Integrated Pest Management Research on Great Lakes Hemp Production

Project Overview

Project Type: Farmer/Rancher
Funds awarded in 2021: $9,000.00
Projected End Date: 12/31/2023
Grant Recipient: Indigenous Think Tank LLC
Region: North Central
State: Wisconsin
Project Coordinator:
Marcus Grignon
Indigenous Think Tank LLC

Information Products


  • Agronomic: hemp
  • Additional Plants: native plants


  • Education and Training: farmer to farmer, on-farm/ranch research
  • Pest Management: integrated pest management
  • Production Systems: dryland farming, organic agriculture
  • Soil Management: organic matter
  • Sustainable Communities: local and regional food systems

    Proposal summary:

    Pests and diseases affect our agricultural practices every growing season. The core research of this grant proposal will revolve around our observational research on the hemp grain variety, X59. During the 2020 growing season, our observational research found a large amount of Japanese Beetles clustered around the hemp grain variety, X59, as it grew throughout the season. What was interesting is the Japanese Beetles flocked to the X59 more so than our other varieties. With hemp being a new crop available to farmers in our area, the normal routine to get rid of pests is through the utilization of pesticides. The IPM research that will be done through this grant will utilize sustainable practices to observe what if any change occurs to the Japanese Beetles infestations on X59 when we apply different non-chemical solutions. This research if proven effective will educate future hemp grain farmers on what to do if Japanese Beetles infest your crop and provide a environmentally friendly IPM system to deal with this revitalized agricultural industry in the United States.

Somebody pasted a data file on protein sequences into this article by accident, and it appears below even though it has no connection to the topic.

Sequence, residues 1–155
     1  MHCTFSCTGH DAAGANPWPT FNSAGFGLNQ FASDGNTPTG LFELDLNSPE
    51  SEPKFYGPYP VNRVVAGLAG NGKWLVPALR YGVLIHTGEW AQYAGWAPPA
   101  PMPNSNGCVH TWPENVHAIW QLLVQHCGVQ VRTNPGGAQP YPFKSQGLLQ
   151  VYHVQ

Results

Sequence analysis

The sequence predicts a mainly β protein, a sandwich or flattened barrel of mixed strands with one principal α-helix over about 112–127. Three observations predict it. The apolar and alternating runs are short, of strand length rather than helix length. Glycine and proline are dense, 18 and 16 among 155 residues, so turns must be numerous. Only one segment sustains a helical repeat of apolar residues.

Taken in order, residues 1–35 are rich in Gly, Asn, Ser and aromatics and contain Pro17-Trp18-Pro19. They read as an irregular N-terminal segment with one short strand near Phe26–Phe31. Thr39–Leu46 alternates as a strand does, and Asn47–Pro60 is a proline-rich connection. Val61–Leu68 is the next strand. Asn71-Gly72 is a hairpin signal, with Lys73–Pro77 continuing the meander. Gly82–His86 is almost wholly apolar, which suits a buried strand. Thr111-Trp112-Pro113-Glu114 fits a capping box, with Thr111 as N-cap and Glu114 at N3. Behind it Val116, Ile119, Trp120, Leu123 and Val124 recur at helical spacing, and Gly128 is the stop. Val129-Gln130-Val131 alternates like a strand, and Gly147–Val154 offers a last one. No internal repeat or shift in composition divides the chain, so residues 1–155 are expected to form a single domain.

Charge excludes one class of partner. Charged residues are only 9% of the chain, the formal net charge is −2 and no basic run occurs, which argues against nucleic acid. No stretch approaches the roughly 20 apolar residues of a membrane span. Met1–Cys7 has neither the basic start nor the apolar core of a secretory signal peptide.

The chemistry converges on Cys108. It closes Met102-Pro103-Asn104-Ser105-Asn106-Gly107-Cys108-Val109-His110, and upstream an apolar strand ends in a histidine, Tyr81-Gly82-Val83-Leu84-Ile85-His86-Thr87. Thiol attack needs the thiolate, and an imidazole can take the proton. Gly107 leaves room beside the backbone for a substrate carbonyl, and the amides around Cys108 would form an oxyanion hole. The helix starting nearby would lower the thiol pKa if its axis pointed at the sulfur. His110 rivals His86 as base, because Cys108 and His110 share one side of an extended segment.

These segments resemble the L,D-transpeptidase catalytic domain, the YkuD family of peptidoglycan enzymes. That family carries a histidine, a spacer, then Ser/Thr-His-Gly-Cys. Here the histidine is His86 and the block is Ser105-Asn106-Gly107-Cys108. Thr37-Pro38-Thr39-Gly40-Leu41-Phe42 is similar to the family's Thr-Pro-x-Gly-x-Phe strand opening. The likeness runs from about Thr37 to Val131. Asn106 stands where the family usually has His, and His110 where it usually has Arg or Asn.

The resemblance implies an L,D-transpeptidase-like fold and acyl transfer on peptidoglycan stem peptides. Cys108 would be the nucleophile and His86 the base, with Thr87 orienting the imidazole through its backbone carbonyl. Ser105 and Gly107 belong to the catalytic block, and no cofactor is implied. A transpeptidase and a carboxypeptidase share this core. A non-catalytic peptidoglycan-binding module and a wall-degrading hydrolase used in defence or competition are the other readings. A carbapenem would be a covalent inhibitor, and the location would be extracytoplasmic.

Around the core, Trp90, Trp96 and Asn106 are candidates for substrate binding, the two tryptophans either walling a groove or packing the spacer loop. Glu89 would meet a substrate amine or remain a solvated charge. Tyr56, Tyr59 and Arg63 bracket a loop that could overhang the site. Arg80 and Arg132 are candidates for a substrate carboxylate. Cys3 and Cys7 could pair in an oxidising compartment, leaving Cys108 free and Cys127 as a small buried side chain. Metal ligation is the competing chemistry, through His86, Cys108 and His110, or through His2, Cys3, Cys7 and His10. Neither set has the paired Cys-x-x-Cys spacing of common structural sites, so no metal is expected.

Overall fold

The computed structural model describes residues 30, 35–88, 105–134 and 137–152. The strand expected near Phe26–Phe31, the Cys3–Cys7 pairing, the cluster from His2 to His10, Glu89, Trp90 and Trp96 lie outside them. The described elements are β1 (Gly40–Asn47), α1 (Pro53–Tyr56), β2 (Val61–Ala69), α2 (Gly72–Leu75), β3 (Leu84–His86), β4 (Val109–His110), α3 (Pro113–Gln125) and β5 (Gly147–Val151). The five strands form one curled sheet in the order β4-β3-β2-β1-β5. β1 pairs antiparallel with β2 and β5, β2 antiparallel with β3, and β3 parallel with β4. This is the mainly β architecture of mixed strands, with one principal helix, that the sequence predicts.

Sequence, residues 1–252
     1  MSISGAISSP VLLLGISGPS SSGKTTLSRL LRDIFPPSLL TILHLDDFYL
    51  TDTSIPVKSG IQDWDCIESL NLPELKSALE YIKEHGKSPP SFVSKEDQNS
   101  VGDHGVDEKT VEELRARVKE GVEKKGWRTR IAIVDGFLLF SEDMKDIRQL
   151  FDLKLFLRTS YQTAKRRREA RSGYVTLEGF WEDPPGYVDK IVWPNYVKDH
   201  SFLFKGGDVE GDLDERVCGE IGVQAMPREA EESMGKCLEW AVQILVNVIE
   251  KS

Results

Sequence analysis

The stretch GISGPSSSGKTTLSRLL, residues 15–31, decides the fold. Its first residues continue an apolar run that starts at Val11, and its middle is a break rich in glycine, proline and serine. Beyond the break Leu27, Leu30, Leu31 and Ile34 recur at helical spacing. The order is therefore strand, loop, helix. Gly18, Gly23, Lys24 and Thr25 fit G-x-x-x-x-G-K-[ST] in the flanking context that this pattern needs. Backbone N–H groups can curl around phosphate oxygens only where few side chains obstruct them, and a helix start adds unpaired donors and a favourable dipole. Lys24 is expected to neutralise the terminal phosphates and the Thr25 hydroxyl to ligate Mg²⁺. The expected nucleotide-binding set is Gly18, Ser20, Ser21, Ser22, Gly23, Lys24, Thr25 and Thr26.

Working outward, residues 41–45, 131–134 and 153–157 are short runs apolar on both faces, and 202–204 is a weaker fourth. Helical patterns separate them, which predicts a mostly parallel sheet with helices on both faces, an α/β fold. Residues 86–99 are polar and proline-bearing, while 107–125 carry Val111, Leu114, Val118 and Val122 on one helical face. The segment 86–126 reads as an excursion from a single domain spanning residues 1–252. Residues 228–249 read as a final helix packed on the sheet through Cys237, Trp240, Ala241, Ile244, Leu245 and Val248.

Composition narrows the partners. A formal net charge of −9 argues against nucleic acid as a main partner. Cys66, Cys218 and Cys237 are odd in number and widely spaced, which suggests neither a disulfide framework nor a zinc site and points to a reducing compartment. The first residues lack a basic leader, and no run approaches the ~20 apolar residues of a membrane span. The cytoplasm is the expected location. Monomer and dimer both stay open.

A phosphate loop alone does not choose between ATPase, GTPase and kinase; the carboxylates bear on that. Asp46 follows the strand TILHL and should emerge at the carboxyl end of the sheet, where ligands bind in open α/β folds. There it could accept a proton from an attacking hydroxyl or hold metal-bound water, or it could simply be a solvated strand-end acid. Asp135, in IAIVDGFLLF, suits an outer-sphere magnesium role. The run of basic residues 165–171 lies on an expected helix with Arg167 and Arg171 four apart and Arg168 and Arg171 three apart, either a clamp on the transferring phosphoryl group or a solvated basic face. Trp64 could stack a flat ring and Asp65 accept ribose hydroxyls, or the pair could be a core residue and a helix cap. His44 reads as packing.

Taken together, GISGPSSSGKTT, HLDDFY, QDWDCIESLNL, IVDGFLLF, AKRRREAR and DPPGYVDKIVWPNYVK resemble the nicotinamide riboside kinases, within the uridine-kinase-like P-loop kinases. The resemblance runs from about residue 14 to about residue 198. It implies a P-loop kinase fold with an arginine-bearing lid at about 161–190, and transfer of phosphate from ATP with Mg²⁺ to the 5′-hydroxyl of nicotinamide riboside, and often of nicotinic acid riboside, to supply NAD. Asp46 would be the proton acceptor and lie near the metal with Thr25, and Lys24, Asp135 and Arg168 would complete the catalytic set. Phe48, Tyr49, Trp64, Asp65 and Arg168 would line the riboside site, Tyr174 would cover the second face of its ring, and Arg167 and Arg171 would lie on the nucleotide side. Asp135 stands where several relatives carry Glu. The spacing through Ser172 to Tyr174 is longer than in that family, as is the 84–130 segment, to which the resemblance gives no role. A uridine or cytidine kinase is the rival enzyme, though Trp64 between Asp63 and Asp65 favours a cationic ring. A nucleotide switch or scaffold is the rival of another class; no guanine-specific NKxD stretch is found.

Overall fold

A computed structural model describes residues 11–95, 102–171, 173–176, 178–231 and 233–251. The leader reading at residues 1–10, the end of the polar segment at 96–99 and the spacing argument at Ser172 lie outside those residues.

Project objectives from proposal:

    1. Plant a large research plot of X59 to study the negative effects of a Japanese Beetle infestation 
    2. Identify which sustainable IPM method works best to mitigate Japanese Beetle or other pest infestation 
    3. Teach observational research to another beginning farmer 
    4. Share findings through field days, feasibility study, and conference presentation 
    Any opinions, findings, conclusions, or recommendations expressed in this publication are those of the author(s) and do not necessarily reflect the view of the U.S. Department of Agriculture or SARE.